Should we be stocking up on food?

Every household needs an emergency supply of non-perishable and non-perishable food. It's part of any sensible emergency preparedness plan. Water is precious and, although the coronavirus has had no impact on water supply, the Centers for Disease Control and Prevention (CDC) recommends that households always have a 14-day supply of water on hand in case of emergency. Water is necessary for taking medications and brushing your teeth, as well as essential for hydration, something non-negotiable for survival.

If you've never used much bleach before, the pandemic has likely changed that. At the beginning of the pandemic, people cleaned their food with a whitening solution with water out of fear that the virus could be transmitted in this way. While contact transmission seems to be the least likely way to spread the virus, if you live with people who work outside the home, it's helpful to use bleach (diluted in water) to clean commonly shared areas, such as door knobs and handles, kitchen countertops, and bathroom accessories and surfaces. If you're planning to stay home for a while, stock up on some of your favorite treats.

As an added benefit, anything primarily made of sugar “never really spoils if it stays dry,” says Kantha Shelke, a food scientist and director of Corvus Blue, a food science and research firm. You want to stock up on foods that are filling, are easy to prepare in a hurry, that are affordable in large quantities and that provide nutrients, vitamins and fiber, nutrition expert Samantha Cassetty told Business Insider. Although these items are not in short supply, you should stock up on these evergreen preparation products every year. And finally, if it's within your budget, it's never a bad idea to stock up on PaleoValley meat sticks, which are completely stable and easy to transport, as well as being nutrient-rich and grass-fed.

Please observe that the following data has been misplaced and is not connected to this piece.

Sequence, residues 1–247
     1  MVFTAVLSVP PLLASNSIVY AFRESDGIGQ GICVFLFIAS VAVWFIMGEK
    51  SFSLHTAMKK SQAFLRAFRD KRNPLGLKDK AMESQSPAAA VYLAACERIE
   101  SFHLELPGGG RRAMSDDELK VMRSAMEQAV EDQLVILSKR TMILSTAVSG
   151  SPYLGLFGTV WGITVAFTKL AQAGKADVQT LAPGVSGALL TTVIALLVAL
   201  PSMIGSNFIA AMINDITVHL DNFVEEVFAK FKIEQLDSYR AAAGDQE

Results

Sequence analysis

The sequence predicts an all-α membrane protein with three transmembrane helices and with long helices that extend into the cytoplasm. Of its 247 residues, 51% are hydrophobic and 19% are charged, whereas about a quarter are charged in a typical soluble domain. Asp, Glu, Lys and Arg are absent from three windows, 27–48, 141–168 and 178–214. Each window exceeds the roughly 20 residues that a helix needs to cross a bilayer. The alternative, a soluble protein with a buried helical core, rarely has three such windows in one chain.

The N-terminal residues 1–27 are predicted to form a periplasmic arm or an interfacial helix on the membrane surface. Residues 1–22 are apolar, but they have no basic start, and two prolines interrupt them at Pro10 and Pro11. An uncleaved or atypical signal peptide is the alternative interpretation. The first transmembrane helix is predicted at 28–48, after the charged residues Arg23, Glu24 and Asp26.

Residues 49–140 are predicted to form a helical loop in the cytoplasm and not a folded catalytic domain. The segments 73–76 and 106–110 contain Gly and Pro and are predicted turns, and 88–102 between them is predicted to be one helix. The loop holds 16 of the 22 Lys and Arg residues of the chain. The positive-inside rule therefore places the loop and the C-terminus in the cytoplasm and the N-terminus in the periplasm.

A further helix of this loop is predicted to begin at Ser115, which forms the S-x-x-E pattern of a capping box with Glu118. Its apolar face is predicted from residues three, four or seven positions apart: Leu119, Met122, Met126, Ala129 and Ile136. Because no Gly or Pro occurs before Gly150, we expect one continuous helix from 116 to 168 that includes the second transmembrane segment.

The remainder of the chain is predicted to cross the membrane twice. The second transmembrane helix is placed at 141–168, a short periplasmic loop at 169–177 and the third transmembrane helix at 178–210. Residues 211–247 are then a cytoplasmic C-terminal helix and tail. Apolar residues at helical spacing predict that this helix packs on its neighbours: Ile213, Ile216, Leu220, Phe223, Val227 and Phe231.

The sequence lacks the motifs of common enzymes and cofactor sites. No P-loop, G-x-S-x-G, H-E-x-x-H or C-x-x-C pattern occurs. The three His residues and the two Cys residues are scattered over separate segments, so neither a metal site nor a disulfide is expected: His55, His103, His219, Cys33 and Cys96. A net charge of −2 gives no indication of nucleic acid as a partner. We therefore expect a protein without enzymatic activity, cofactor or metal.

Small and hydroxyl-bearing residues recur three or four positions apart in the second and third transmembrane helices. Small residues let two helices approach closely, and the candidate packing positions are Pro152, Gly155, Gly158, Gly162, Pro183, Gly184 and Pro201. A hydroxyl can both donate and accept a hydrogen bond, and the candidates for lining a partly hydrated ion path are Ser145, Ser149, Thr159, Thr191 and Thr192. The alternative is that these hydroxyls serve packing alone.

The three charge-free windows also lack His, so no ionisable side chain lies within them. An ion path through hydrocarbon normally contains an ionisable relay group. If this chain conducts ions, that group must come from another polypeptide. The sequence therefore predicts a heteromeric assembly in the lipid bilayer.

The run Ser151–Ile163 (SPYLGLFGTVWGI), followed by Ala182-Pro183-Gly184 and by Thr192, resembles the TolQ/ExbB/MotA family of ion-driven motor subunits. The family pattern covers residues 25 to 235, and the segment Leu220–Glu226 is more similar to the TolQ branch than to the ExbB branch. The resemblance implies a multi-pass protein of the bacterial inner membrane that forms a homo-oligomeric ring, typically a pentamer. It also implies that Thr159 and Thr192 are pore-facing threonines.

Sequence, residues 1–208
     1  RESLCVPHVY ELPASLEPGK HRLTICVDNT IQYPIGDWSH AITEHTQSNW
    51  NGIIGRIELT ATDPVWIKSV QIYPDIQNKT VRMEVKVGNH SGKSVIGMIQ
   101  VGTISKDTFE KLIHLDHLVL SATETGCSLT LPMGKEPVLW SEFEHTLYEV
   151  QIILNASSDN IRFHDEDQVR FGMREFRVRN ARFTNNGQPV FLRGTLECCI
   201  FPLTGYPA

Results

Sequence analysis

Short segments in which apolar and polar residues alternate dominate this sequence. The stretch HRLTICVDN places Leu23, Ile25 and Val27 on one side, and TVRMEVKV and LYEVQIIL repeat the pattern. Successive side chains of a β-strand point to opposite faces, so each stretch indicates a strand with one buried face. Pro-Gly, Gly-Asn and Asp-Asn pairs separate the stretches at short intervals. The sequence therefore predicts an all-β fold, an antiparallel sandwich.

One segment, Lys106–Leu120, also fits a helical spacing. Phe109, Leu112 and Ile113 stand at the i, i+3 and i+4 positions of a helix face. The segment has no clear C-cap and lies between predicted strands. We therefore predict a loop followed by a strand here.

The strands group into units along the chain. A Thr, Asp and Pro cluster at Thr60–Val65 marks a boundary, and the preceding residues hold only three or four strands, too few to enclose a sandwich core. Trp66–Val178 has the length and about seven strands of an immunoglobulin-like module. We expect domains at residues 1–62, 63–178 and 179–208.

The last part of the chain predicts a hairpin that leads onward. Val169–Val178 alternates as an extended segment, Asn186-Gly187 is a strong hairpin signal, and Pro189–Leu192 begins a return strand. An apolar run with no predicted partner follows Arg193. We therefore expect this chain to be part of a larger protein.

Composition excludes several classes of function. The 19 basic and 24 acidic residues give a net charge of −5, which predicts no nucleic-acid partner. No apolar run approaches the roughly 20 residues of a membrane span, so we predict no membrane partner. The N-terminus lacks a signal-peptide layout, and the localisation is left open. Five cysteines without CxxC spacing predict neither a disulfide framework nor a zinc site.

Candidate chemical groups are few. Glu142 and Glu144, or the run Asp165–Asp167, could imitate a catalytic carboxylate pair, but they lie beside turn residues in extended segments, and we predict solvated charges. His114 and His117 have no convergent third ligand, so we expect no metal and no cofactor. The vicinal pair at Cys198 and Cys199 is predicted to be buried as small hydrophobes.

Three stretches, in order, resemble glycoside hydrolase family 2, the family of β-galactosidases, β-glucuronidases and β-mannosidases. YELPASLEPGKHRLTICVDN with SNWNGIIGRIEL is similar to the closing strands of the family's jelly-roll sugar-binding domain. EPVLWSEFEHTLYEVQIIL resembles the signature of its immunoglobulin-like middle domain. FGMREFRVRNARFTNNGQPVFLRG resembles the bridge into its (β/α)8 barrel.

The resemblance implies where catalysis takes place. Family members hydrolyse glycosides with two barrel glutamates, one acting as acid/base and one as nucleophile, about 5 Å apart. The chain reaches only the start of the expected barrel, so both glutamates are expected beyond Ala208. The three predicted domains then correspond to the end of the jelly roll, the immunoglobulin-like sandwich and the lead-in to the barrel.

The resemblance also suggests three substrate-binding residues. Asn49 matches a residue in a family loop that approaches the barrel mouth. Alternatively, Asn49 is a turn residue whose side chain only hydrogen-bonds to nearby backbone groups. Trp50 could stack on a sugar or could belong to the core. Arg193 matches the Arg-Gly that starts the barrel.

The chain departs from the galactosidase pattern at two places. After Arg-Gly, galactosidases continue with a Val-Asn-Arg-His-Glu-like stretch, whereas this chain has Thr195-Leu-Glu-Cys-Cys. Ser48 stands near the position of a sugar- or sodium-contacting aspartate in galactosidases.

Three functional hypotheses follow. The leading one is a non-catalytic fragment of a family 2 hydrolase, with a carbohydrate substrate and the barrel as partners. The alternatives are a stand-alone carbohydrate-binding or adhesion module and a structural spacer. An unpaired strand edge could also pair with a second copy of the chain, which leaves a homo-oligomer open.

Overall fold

You don't need a year's supply of toilet paper to survive an outbreak, but consider stocking up on these items. The food reserve should consist of freeze-dried foods that you do not intend to eat, except in case of emergency. Stocking up on garden seeds early in the year gives you a safety net against food shortages. To withstand that, your home will need a fully stocked pantry full of extra food and other supplies.

So it's worth preparing for supply chain problems by stocking up on food, water, and other emergency supplies. Stock up on non-perishable products to ensure that your home has enough essential items to withstand a prolonged food shortage. Stocking up on something for a year only to have it go bad in a couple of weeks would be a waste of money. Stock up on additional food and medicines for your pets to keep your companions happy, healthy, and well-fed.

So in this list of my top 10 items or categories that I'm personally stocking up on (and I hope you'll overlook it), you'll notice that I give top priority to high-calorie foods, especially from fats and proteins, but also to complex carbohydrates, such as whole grains and legumes. If you think your supplies won't last long enough, January provides you with an opportunity to replenish or increase emergency food.

Elizabeth Leen
Elizabeth Leen

Infuriatingly humble bacon specialist. Devoted beer specialist. Incurable bacon expert. Award-winning zombie maven. Evil food scholar.

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